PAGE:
How to Hook Kinect Up to a PC
By Elisha Bates
Updated September 22, 2017
Items you will need
Kinect sensor for Xbox 360
Kinect USB adapter
Windows 7 PC
Your Kinect doesn't have to be tethered to your Xbox 360 forever. There are now two ways to connect your Kinect to your Windows PC, including Microsoft's release of the developer's kit for the Kinect, which is the official PC software that developer's use. OpenKinect provides a second, less official, open source experience.
Kinect for Windows SDK (beta)
Hook up your Kinect to your Windows 7 PC via USB port, just as you would when connecting it to the Xbox 360's USB port (you may be more familiar with this as the port that charges controllers).
Download the official software from the Microsoft website. It installs easily in just a few minutes.
Explore the SDK tools. This software gives you access to raw data directly from the Kinect sensor streams, and skeletal tracking ability.
Download the OpenKinect drivers and extract them from their compressed (.zip/.rar) file to a new folder on your hard drive.
Connect the sensor via USB, then launch Device Manager from your Windows Start Menu. Windows will attempt, and fail, to auto-detect the Kinect.
Under "Other Devices" in Device Manager, find "Xbox NUI Motor" and right click. You will be given the option to update the driver for the device. This is where the OpenKinect drivers come in to play. Select "Browse My Computer for driver software," then press the "Browse..." button to select the folder with the OpenKinect drivers from Step 1.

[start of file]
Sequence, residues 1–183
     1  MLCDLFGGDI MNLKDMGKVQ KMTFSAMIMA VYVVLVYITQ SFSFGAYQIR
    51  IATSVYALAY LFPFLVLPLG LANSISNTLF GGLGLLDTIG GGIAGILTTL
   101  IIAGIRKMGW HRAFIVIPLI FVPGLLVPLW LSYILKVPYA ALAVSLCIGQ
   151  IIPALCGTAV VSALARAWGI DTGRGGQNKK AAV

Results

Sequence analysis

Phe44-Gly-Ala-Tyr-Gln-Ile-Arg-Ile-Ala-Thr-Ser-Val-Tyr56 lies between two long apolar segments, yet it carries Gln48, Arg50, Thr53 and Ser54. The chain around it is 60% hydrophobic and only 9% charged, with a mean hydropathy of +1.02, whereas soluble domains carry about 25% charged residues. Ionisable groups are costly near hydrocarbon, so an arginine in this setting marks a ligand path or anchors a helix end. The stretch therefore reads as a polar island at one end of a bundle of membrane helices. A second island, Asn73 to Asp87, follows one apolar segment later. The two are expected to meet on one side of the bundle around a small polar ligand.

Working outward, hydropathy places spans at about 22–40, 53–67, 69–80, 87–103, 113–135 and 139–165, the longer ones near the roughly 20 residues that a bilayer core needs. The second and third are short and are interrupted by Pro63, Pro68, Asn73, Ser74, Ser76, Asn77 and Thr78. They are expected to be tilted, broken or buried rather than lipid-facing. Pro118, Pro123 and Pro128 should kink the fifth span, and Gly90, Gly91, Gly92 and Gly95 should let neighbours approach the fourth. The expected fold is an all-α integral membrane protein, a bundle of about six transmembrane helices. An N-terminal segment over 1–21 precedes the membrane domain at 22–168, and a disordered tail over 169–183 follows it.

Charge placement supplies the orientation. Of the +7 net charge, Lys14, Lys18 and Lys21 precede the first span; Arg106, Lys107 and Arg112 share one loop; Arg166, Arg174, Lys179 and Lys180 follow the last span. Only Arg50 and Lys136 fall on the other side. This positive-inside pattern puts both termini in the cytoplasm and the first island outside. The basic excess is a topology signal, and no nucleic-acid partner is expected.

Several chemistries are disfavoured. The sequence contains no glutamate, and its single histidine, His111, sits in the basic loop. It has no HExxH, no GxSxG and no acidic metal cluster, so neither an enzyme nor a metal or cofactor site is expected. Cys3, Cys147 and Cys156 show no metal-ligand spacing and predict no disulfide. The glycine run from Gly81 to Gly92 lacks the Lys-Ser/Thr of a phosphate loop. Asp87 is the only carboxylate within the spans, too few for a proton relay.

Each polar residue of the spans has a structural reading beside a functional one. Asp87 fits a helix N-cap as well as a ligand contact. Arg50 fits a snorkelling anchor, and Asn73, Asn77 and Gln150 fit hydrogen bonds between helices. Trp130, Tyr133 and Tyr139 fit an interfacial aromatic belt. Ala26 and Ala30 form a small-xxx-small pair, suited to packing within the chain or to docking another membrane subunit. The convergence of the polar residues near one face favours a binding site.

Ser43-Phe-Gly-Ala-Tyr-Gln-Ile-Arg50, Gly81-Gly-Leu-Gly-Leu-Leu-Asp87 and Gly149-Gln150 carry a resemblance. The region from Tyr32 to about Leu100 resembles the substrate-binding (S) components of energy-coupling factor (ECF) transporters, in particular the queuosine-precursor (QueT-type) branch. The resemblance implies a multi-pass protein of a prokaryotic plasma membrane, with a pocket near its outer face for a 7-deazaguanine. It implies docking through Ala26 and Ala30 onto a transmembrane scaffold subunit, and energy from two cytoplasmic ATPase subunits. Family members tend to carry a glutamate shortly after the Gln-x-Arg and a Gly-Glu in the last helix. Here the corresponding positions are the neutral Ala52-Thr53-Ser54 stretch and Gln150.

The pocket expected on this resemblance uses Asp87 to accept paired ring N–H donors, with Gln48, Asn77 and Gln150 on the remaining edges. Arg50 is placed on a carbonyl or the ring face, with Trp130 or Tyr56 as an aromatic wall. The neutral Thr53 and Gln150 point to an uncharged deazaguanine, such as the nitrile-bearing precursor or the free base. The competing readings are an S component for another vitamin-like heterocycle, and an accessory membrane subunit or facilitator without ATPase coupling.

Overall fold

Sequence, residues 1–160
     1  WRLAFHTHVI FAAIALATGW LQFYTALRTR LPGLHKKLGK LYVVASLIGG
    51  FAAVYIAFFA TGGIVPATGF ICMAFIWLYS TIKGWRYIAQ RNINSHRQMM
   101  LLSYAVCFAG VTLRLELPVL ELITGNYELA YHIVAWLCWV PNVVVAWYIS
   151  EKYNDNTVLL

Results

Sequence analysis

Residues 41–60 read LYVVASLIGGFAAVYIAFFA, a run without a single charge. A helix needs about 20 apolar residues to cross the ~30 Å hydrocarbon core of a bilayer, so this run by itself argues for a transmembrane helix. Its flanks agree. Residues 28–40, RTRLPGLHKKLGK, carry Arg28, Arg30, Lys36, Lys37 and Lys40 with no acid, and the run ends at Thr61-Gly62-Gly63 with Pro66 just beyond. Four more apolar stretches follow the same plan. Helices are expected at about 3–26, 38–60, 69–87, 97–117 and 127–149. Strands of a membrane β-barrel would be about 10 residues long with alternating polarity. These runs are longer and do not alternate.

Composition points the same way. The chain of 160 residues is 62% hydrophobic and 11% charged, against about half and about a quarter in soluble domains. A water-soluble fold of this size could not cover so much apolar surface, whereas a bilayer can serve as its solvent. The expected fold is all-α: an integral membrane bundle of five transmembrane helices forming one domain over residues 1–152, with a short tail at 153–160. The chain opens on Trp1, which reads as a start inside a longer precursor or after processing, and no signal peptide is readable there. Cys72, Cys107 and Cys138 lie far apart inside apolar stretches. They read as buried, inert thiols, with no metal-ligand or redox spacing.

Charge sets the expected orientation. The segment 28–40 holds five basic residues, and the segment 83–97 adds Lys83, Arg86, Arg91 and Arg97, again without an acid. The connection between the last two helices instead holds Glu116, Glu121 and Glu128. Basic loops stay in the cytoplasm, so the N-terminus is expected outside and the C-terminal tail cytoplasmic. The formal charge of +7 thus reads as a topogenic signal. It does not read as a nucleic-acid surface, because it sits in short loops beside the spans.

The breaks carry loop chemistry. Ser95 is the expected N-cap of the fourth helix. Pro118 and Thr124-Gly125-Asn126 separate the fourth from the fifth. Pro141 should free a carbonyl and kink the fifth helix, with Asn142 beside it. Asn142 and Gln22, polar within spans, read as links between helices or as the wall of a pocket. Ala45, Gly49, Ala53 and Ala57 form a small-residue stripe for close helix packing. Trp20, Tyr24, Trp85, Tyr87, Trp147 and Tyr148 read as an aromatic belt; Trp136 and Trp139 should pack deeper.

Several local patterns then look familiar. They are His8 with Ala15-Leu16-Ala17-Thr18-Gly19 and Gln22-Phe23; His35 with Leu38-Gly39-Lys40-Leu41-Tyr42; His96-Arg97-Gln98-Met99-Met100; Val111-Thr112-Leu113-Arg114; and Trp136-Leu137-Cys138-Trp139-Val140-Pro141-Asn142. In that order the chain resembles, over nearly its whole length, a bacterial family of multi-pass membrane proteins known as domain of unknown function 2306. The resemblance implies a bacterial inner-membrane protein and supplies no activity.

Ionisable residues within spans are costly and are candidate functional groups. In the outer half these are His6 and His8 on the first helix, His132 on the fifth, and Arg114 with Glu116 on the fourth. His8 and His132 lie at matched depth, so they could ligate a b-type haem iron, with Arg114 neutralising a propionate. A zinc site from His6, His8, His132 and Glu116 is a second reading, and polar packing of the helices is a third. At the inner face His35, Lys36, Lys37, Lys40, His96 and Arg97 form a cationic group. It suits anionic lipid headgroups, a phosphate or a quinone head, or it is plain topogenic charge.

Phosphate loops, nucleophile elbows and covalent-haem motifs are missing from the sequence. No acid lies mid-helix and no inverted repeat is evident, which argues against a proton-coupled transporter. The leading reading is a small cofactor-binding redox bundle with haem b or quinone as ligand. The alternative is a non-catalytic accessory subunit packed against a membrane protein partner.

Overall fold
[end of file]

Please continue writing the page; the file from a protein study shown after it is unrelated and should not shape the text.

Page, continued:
Return to Device Manager, where you should see the updated drivers. Select them for installation.
Return to the folder containing the extracted OpenKinect files. Select the folder inside for Kinect Demos, then select KinectDemo.exe. You should now have access to live data from the Kinect sensor streams.
Be sure to save all files in folders where they can be easily found. In many cases, the USB adapter may be sold separately from the Kinect sensor itself.
The SDK file is generally geared towards developers and hobbyists, and is for experimental, non-commercial use. As of the time of publication, Microsoft promises to release a more commercial, easy to use version of official Kinect software soon.
Elisha Bates is a graduate of Rhodes College in Memphis, Tenn., where he earned a B.A. in English literature, creative writing and film studies. He enjoys writing about literature, creative writing and all things pop-culture related.